Amos Paul Kennedy, Jr. is a Detroit-based letterpress printer and book artist who often uses his work to express social and political commentary. This artist book by Kennedy, Jr. is a model made as the draft of an installation piece which honors the Black churches burned in the South in 1995. The piece consists of a wooden church covered with charred excerpts from the Bible with a technique similar to decoupage. Removing the roof of the church reveals a charred King James Bible inside. With its still perceptible scent of ashes, Kennedy, Jr.’s “Church Box with Burned Bible” evokes a truly sensory experience. As the artist book not only commemorates the church burnings but also celebrates the survival of these Black communities, it is a clear front-runner in the Archives category.

UFO Scrapbook (ELIMINATED IN ROUND 2)

Shelfmark: F. 001.9 Un2

Acquired in 1989, this large scrapbook concerns unidentified flying objects and other mysteries. The book contains 21 pages of color photographs and 74 pages of newspaper clippings dated from the 1960s and 1970s. More mysterious than the content of this scrapbook, however, is the condition that it is in. The photographs, and especially the newspaper clippings, are in remarkably good condition for their age and acid content. Don’t sleep on this scrapbook- it tends to be the fan favorite whenever visitor’s get a chance to look at it!

LITERATURE:

Jane Austen – Emma (ELIMINATED IN ROUND 1)

Shelfmark: 823 Au7e1816 v.1

Emma is the fourth novel written by Jane Austen and it took a little over a year for her to write.  The novel was ultimately printed on commission. Austen paid for the advertising and the first print run of 2,000 copies herself after declining John Murray’s offer of £450 for Emma, Sense and Sensibility, and Mansfield Park.  Austen did not expect people to like her protagonist, stating at one point, “I’m going to take a heroine whom no one but myself will much like,” but both the novel and the character of Emma were well received by the critics of Austen’s life time and audiences today.  All of Austen’s novels were published anonymously and her name did not appear on her work until after her death. Will Emma be as big of a success on the court as it was with readers?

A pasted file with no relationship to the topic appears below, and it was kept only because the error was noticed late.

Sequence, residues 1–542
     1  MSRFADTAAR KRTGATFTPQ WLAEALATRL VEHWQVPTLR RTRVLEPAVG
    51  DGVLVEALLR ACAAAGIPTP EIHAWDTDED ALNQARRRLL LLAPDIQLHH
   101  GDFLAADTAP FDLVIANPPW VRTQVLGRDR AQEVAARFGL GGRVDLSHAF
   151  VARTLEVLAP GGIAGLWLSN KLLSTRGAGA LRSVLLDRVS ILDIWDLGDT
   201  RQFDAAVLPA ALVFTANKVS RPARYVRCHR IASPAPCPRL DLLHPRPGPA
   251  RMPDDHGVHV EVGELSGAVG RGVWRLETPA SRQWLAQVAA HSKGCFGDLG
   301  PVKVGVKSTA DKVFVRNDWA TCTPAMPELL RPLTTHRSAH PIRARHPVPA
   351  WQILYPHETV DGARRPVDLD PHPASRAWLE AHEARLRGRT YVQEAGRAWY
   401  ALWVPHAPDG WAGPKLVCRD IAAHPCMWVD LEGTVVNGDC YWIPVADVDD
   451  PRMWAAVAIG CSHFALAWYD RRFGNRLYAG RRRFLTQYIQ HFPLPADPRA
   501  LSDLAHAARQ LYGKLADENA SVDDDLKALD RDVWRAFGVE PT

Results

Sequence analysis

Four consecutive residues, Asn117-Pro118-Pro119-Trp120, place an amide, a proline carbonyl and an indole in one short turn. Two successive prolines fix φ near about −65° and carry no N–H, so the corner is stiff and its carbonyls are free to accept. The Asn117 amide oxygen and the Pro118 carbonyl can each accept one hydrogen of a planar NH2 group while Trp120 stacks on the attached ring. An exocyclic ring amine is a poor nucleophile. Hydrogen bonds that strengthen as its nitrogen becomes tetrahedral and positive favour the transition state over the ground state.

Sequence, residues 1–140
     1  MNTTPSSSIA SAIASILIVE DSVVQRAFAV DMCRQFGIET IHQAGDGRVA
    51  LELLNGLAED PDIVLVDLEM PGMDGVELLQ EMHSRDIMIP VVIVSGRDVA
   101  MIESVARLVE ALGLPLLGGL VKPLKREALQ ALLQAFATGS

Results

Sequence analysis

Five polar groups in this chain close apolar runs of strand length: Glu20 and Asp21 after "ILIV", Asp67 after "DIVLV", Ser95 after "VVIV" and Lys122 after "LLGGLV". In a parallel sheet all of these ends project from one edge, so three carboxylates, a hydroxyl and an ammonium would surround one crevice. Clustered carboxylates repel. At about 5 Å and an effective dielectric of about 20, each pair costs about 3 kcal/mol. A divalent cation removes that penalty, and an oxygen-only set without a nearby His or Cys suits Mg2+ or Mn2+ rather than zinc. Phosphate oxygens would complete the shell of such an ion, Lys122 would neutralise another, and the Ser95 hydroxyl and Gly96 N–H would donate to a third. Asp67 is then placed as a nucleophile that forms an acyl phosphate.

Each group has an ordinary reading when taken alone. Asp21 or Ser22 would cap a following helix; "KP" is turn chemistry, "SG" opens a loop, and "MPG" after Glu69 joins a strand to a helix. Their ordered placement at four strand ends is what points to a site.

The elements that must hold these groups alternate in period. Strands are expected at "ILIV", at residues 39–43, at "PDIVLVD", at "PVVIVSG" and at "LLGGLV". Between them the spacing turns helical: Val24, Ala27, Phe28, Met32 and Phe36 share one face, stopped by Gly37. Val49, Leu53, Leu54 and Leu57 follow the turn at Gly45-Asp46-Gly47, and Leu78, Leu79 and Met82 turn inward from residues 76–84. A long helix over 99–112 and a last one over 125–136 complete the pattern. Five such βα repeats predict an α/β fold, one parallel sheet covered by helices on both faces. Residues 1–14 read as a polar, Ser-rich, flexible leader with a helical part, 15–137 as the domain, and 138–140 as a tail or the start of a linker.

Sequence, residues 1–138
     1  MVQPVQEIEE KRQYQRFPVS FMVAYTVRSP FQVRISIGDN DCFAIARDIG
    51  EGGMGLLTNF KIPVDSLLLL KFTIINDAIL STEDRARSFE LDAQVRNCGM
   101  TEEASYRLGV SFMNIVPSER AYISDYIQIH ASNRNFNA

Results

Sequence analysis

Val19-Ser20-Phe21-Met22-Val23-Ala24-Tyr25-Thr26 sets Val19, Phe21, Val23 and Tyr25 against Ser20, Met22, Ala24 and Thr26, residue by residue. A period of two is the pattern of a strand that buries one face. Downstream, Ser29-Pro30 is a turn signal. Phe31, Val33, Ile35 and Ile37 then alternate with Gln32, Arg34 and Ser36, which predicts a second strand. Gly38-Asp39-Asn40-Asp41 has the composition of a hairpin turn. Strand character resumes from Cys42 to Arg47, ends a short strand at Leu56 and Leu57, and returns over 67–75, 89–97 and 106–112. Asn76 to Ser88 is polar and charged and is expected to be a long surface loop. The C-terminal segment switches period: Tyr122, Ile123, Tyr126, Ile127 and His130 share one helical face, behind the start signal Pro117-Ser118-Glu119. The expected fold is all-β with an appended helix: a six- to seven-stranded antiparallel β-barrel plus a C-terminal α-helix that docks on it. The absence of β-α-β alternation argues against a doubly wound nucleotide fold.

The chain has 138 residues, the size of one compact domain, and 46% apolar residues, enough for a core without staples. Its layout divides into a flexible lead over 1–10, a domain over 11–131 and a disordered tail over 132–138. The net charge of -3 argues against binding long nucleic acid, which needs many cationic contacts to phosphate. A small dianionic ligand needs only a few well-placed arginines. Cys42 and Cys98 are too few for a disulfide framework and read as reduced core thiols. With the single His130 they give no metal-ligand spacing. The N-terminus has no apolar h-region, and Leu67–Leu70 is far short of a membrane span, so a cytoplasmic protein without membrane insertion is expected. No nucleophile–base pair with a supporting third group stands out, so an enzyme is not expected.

Katherine Philips – Poems by the Most Deservedly Admired Mrs. Katherine Philips, the Matchless Orinda (ELIMINATED IN ROUND 1)

Shelfmark: 821 P53p1667

Philips was a poet, translator, and woman of letters in seventeenth-century England. Writing at the same time as John Milton, she was also his antithesis in that she was a staunch Royalist who supported the crown during the Long Parliament and the period of the English Civil War. During her lifetime her poetry was incredibly popular but only appeared in print without permission; after her death in 1664, this authorized collection of her poetry appeared, and was much more popular than the works of the newly disgraced Milton. Will Philips defeat this competition with as much grace as she did with Milton?

Phillis Wheatley – Poems on Various Subjects (ELIMINATED IN ROUND 2)

Shelfmark: 811 W56p